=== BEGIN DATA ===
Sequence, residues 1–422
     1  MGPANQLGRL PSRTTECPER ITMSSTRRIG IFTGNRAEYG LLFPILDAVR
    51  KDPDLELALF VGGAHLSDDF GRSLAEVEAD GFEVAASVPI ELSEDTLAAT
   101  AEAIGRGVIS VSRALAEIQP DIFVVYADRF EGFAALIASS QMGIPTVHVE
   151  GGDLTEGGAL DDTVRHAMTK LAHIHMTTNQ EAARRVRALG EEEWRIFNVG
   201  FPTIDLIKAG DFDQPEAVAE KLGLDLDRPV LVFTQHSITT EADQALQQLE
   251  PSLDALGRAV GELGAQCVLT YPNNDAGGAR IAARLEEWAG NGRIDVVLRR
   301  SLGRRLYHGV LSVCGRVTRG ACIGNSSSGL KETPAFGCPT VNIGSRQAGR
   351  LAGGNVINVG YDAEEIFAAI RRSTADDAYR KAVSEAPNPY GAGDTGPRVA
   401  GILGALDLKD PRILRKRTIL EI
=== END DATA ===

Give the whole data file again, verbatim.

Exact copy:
Sequence, residues 1–422
     1  MGPANQLGRL PSRTTECPER ITMSSTRRIG IFTGNRAEYG LLFPILDAVR
    51  KDPDLELALF VGGAHLSDDF GRSLAEVEAD GFEVAASVPI ELSEDTLAAT
   101  AEAIGRGVIS VSRALAEIQP DIFVVYADRF EGFAALIASS QMGIPTVHVE
   151  GGDLTEGGAL DDTVRHAMTK LAHIHMTTNQ EAARRVRALG EEEWRIFNVG
   201  FPTIDLIKAG DFDQPEAVAE KLGLDLDRPV LVFTQHSITT EADQALQQLE
   251  PSLDALGRAV GELGAQCVLT YPNNDAGGAR IAARLEEWAG NGRIDVVLRR
   301  SLGRRLYHGV LSVCGRVTRG ACIGNSSSGL KETPAFGCPT VNIGSRQAGR
   351  LAGGNVINVG YDAEEIFAAI RRSTADDAYR KAVSEAPNPY GAGDTGPRVA
   401  GILGALDLKD PRILRKRTIL EI